Success in re-entry also undergirded the piloted space program. In 40 years of effort, this program has failed to find a role in the mainstream of technical activity akin to the importance of automated satellites in telecommunications. Still, piloted flight brought the unforgettable achievements of Apollo, which grow warmer in memory as the decades pass.

In a related area, the advent of thermal-protection methods led to the develop­ment of aircraft that burst all bounds on speed and altitude. These took form as the X-15 and the space shuttle. On the whole, though, this work has led to disappoint­ment. The Air Force had anticipated that airbreathing counterparts of the X-15, powered perhaps by ramjets, would come along in the relatively near future. This did not happen; the X-15 remains sui generis, a thing unto itself. In turn, the shuttle failed to compete effectively with expendable launch vehicles.

This conclusion remains valid in the wake of the highly publicized flights of SpaceShipOne, built by the independent inventor Burt Rutan. Rutan showed an uncanny talent for innovation in 1986, when his Voyager aircraft, piloted by his brother Dick and by Dicks former girlfriend Jeana Yeager, circled the world on a single load of fuel. This achievement had not even been imagined, for no science – fiction writer had envisioned such a nonstop flight around the world. What made it possible was the use of composites in construction. Indeed, Voyager was built at

Rutan’s firm of Scaled Composites.89 Such lightweight materials also found use in the construction of SpaceShipOne, which was assembled within that plant.

SpaceShipOne brought the prospect of routine commercial flights having the performance of the X-15. Built entirely as a privately funded venture, it used a simple rocket engine that burned rubber, with nitrous oxide as the oxidizer, and reached altitudes as high as 70 miles. A movable set of wings and tail booms, rotat­ing upward, provided stability in attitude during re-entry and kept the crafts nose pointing upward as well. The craft then glided to a landing.

There was no commercial follow-on to Voyager, but today there is serious inter­est in building commercial versions of SpaceShipOne that will take tourists on brief hops into space—and enable them to win astronauts’ wings in the process. Rich­ard Branson, founder of Virgin Airways, is currently sponsoring a new enterprise, Virgin Galactic, that aims to do just that. He has formed a partnership with Scaled, has sold more than 100 tickets at $200,000 each, and hopes for his first flight late in 2008.

And yet__ The top speed of SpaceShipOne was only 2,200 miles per hour, or

Mach 3-3. Rutans vehicle thus stands today as a brilliant exercise in rocketry and the design of reusable piloted spacecraft. But it is too slow to qualify as a project in hypersonics.90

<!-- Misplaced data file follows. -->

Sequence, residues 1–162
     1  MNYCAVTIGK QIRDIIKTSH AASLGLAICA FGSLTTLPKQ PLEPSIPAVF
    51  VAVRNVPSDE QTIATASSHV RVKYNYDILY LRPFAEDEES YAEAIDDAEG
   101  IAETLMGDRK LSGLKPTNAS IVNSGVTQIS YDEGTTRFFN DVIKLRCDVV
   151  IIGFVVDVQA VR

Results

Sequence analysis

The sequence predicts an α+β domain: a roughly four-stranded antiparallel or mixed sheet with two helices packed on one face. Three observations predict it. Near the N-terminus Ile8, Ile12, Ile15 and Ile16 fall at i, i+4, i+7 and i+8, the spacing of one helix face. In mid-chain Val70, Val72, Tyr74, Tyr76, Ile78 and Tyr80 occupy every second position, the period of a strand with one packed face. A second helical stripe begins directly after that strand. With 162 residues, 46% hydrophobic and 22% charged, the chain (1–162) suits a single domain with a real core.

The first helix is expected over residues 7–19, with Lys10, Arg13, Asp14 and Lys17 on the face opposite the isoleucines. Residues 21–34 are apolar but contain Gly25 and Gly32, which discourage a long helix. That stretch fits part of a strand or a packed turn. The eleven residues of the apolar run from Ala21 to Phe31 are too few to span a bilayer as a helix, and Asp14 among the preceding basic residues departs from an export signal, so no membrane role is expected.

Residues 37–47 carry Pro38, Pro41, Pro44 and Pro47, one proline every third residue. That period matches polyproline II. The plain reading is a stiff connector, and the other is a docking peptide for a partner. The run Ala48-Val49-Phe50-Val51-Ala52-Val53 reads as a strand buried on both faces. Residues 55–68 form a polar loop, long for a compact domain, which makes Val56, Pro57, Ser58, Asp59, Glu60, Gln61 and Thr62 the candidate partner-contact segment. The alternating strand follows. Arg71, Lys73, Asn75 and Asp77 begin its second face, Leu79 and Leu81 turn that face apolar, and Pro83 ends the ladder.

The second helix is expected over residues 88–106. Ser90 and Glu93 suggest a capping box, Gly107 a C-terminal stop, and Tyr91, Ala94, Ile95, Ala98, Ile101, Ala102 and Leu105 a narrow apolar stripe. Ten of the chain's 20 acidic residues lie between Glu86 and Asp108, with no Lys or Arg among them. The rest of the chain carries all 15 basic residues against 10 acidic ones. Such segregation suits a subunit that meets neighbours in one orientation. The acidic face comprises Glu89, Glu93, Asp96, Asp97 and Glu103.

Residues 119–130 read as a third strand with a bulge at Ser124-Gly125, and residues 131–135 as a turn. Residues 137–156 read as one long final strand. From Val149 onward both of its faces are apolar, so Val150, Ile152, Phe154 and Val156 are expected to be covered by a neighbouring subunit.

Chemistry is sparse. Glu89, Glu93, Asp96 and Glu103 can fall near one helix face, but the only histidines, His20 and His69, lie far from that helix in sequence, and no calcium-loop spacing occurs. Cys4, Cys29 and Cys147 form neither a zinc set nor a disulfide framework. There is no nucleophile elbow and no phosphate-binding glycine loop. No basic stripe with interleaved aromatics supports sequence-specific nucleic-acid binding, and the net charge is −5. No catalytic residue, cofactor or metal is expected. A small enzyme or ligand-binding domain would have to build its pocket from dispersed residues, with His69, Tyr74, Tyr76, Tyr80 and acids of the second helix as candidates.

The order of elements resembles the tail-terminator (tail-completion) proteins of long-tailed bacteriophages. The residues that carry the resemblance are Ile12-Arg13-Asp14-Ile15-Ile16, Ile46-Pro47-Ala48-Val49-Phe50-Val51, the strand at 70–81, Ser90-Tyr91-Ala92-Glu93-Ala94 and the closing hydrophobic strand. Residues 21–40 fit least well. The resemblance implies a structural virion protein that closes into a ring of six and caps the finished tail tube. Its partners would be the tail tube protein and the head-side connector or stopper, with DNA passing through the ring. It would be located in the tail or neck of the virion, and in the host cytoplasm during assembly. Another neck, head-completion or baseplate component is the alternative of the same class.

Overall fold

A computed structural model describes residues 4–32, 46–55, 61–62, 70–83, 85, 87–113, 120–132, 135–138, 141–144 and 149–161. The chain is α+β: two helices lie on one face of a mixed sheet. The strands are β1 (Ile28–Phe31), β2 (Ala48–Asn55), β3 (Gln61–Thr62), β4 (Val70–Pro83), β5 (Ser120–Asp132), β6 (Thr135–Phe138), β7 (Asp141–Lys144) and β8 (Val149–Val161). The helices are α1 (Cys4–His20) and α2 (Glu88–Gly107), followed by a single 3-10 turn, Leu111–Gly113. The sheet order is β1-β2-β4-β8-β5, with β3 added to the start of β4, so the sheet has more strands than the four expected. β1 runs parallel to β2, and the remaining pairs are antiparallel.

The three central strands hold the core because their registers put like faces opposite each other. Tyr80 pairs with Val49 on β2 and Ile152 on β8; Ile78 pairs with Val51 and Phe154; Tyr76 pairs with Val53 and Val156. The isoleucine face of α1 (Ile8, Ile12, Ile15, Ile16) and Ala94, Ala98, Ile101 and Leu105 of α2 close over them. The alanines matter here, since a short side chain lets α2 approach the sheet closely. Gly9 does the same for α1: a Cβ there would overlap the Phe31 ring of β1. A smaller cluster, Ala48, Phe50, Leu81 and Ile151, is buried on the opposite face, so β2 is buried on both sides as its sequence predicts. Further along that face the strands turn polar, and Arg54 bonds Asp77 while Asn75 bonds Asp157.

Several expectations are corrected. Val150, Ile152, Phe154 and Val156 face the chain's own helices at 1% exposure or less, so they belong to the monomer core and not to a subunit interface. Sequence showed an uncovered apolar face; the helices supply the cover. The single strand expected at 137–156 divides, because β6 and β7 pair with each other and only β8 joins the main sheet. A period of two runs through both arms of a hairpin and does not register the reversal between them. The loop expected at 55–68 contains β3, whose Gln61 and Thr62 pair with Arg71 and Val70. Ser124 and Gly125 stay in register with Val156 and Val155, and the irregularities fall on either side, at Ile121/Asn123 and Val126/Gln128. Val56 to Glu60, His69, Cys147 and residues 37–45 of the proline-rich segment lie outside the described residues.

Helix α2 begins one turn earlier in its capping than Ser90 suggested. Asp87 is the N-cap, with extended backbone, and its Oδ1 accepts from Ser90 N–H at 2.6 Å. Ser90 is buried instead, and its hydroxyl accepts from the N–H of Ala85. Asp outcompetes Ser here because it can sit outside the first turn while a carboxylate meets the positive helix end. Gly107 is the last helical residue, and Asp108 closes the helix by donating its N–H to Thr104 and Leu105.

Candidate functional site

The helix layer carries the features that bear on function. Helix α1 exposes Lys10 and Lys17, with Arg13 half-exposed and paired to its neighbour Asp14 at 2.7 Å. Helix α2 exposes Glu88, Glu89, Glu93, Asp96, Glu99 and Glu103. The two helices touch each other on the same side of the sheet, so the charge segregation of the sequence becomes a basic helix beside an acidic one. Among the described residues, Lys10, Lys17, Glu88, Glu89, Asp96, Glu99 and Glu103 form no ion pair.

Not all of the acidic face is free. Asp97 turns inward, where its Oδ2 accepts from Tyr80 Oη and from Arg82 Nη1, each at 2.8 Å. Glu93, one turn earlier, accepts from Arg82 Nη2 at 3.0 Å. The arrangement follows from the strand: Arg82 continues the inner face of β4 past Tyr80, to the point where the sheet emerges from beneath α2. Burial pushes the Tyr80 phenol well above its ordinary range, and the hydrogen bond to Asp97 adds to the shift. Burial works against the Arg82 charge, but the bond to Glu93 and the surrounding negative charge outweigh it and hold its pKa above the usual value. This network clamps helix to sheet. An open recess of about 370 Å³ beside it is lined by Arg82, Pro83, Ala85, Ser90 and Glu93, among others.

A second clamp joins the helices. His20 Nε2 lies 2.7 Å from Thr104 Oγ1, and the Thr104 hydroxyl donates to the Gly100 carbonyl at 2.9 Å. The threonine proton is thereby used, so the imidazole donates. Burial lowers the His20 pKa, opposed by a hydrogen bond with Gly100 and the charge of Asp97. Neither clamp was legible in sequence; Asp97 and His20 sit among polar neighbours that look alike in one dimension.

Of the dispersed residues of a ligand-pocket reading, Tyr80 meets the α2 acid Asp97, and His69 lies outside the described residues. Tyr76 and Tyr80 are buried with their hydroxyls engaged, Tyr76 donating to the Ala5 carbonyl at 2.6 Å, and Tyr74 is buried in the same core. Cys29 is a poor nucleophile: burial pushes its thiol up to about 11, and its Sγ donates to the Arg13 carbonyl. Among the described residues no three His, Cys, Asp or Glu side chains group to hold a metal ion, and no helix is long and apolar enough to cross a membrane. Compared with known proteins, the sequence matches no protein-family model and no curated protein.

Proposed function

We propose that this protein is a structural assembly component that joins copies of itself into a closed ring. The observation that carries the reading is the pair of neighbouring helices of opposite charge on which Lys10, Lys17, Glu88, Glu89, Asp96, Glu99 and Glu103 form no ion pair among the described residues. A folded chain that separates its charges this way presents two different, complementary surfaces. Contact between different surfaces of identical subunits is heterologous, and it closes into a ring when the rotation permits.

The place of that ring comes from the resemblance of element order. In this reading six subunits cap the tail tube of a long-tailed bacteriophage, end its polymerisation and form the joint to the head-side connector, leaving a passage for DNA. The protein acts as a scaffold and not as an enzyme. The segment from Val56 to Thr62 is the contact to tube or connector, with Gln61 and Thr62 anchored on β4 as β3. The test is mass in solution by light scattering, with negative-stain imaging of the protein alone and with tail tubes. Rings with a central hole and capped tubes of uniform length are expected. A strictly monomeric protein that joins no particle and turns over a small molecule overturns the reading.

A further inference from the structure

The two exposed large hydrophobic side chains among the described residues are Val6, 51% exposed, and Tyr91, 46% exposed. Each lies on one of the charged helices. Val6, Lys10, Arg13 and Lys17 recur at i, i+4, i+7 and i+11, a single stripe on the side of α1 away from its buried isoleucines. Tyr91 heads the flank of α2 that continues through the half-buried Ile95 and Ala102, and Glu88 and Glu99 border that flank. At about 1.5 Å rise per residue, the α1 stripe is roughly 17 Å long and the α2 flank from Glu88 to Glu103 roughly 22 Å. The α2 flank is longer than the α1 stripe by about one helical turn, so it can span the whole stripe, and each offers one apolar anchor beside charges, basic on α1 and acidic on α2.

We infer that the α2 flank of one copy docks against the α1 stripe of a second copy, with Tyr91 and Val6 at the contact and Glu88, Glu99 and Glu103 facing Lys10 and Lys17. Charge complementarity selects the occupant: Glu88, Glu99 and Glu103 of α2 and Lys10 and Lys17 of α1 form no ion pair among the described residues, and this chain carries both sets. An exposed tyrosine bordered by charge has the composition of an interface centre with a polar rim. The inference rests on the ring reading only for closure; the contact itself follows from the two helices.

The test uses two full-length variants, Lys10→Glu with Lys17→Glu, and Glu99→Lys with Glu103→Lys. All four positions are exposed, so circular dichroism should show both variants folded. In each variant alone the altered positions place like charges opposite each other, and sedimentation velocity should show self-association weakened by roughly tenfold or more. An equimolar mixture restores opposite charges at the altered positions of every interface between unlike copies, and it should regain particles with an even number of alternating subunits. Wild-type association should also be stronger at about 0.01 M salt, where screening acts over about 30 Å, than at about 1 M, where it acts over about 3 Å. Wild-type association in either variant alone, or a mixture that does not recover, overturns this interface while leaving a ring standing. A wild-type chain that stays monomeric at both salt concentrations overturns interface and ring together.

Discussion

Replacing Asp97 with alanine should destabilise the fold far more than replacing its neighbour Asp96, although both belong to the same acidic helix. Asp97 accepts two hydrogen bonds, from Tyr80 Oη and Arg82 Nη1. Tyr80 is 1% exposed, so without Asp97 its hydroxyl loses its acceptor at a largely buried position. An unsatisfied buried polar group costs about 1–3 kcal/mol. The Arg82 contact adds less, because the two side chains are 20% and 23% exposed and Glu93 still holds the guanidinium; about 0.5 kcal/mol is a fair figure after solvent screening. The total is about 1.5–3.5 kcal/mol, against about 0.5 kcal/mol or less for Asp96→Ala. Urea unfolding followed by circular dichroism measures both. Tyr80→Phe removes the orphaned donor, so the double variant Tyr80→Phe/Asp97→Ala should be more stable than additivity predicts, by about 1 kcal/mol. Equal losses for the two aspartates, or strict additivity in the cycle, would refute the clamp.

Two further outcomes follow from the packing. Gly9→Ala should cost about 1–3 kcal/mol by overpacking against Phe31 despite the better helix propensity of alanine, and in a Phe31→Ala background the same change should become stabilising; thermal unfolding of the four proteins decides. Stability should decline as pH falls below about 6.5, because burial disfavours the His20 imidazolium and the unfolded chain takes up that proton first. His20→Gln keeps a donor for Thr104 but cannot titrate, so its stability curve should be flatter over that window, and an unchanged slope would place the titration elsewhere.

Is that it, then? Following more than half a century of effort, does the re-entry problem stand as the single unambiguous contribution of hypersonics? Air Force historian Richard Hallion has written of a “hypersonic revolution,” but from this perspective, one may regard hypersonics less as an extension of aeronautics than as a branch of materials science, akin to metallurgy. Specialists in that field introduced superalloys that extended the temperature limits of jet engines, thereby enhanc­ing their range and fuel economy. Similarly, the hypersonics community developed lightweight thermal-protection systems that have found use even in exploring the planet Jupiter. Yet one does not speak of a “superalloy revolution,” and hypersonics has had similarly limited application.

There remains the issue of the continuing effort to develop the scramjet. This work has gone forward as part of an ongoing hope that better methods might be devised for ascent to orbit, corresponding perhaps to the jet airliners that drove their piston-driven counterparts to the boneyard. Access to space holds undeniable importance, and one may speak without challenge of a “satellite revolution” when we consider the vital role of such craft in a host of areas: weather forecasting, naviga­tion, tactical warfare, reconnaissance, as well as telecommunications. Yet low-cost access remains out of reach and hence continues to justify work on advanced tech­nologies, including scramjets.

Still, despite 40 years of effort, the scramjet continues to stand at two removes from importance. The first goal is simply to make it work, by demonstrating flight to orbit in a vehicle that uses such engines for propulsion. The X-30 was to fly in

this fashion, although present-day thinking leans more toward using it merely in an airbreathing first stage. But at least within the next decade the most that anyone hopes for is to accelerate a small test vehicle of the X-43 class.91